As we continue in this series on the book of Deuteronomy, continuing from the previous post in this series, we move into the foundational matters of the law. The prior reflection on the history of the nation was needed to prepare this new generation to engage in the work to come as they were about to drive out the nations before them who had filled the land with bloodshed and wickedness.
Scripture and Summary
The introduction that is set is one of “statutes and rules (ESV)” or “statutes and judgments (NKJV)”. This is an instance where the latter translation conveys the greater meaning. Even the NIV rendering is somewhat difficult (“decrees and laws”). This is the key to understanding rest of the book and the message that it is attempting to convey; so to telegraph what is coming, without giving too much away, it would be best to say that what is being referred to is juris prudence.
This is a warning not to exceed what has been both prescribed in the law. There is a terrible human tendency to either tighten or loosen the standard, to either embrace authoritarianism or licentiousness. Israel was given strict boundaries to which they were to adhere. The law was to be applied conscientiously with equanimity.
A reminder of one of the most recent events in their history where loyalty meant life and disobedience meant death. The incident with the Baal of Peor stands as a tragedy not seen since the incident with the Golden Calf and seems to be the bookend to the exodus story.
Moses encourages the people to adhere to the law, to be loyal to Yahweh, so that other nations will want what they have. The admonition is to be the standard of other nations. Again the phrase “statutes and rules (ESV)” appears and it is stated that they are to be the “wisdom and understanding (ESV)” of the people, which are credited with divine origin. While there is similarity in the laws and what is being dealt with, Israel’s laws are considered “righteous” because of their source.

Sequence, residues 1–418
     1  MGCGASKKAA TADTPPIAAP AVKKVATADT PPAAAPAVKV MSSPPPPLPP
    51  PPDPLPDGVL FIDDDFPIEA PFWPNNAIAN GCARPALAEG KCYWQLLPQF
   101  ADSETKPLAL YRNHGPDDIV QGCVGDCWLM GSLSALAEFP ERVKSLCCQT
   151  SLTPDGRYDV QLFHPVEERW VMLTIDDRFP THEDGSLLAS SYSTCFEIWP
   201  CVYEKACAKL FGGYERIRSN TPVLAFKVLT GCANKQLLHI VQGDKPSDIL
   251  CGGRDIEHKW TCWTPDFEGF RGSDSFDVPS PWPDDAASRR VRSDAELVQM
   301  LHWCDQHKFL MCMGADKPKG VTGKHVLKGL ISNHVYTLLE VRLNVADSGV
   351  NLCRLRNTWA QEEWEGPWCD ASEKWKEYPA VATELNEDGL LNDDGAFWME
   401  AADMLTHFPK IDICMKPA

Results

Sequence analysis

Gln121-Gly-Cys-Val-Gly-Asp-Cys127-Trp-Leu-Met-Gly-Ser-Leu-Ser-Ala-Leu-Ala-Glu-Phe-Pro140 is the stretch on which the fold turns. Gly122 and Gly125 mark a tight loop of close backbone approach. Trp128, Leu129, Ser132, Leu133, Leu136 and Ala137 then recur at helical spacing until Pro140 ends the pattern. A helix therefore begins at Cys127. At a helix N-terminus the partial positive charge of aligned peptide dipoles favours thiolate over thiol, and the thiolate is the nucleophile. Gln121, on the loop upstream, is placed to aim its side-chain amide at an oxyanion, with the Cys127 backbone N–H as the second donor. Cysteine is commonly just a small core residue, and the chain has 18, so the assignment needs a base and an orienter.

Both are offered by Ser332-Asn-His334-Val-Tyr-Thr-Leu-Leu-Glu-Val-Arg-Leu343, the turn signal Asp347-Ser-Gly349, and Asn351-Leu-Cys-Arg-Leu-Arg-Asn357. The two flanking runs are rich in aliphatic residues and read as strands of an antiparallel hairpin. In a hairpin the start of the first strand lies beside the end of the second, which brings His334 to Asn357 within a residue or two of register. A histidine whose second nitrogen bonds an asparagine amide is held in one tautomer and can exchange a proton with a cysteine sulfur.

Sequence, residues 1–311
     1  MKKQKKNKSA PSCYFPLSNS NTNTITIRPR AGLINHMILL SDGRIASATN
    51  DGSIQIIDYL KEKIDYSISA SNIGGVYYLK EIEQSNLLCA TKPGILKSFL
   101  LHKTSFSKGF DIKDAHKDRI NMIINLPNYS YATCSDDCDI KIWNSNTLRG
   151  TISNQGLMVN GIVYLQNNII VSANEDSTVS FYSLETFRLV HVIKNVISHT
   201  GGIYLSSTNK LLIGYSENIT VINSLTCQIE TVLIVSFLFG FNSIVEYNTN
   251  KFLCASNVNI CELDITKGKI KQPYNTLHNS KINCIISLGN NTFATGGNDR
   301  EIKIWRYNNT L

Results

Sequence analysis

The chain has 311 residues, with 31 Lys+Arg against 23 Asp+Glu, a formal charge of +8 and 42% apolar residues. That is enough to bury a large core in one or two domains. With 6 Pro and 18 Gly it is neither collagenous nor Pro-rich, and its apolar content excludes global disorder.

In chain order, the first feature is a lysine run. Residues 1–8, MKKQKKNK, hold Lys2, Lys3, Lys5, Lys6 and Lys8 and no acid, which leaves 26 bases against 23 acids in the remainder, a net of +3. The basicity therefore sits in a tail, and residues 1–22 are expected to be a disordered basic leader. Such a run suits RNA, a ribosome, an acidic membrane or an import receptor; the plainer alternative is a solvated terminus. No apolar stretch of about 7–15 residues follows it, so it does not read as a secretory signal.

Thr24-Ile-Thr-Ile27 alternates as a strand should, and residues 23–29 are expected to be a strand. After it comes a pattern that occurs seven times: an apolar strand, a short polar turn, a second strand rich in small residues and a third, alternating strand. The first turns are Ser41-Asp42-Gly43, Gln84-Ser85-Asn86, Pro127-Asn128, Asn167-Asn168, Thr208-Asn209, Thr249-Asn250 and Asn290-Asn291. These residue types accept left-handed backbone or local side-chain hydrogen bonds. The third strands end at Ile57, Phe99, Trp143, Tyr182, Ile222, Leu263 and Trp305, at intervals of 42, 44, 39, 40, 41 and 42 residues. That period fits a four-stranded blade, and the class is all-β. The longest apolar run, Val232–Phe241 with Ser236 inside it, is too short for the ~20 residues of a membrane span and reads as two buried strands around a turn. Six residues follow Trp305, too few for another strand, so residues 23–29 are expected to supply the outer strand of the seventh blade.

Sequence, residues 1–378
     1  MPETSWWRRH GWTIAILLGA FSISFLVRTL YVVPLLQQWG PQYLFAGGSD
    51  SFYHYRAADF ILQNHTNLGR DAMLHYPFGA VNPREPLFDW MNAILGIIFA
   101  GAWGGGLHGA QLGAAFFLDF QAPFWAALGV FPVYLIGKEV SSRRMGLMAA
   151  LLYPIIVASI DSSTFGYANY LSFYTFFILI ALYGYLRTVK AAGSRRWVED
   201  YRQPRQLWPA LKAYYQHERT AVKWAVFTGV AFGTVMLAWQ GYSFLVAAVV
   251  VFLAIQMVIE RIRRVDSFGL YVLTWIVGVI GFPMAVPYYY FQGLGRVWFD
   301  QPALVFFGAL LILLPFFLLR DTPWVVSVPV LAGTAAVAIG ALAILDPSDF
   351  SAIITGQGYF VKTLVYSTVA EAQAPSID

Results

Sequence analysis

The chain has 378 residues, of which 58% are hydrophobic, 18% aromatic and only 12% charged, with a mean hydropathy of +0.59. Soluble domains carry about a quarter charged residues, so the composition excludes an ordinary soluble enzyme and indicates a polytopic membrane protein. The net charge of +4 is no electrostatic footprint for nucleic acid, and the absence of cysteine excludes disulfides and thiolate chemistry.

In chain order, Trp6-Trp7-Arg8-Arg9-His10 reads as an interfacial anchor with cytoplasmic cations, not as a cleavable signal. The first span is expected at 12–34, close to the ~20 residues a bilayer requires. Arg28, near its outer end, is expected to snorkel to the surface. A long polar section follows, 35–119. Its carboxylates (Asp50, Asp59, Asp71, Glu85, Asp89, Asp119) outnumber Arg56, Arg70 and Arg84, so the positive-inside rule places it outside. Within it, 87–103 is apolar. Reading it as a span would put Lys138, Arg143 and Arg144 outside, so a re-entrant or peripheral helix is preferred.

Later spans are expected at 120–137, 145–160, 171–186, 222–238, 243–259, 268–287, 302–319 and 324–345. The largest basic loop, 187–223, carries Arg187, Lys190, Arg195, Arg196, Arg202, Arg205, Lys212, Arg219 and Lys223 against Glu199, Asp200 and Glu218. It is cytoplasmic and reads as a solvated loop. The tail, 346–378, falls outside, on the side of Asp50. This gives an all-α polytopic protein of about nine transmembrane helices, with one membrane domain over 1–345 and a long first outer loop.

An admonition to diligently prepare the next generation is found in these verses. Often, the struggles of one generation leads to apathy in the next. A generation that builds for the successive generation is often forgotten and everything that was worked for is dismantled. This is cast in light of the easiness with which the nation found itself in bed (both literally and figuratively) with Baal of Peor. The next generation has to be careful tended in order to cultivate their loyalties. This is set up with a mention of the Decalogue and a reminder of what was seen and not seen at Sinai.
Several mistakes are often made when reading the law, but two are common.
The first is the assumption of exhaustion. The law did not cover every single instance in regards to human relationships. It serves as a representative, historical sample of the legal code. Like so many of the other biblical texts demonstrate, there was often only a summary of the available content. While we we get into the law more as the study progresses, what must be kept in mind is that Deuteronomy a survey and not an exhaustive analysis.
The second is that of misunderstanding. Deuteronomy exists as something of an application manual. Putting forward how to apply what is set forth in the principles of the nation. It’s an explication of principles in law as a covenant. So often the law is seen apart from Ten Commandments rather than an application of them. We get to see justice from God’s perspective in light of his commands to his creatures and we also get to know him. Something that we will look at in the next post in the series.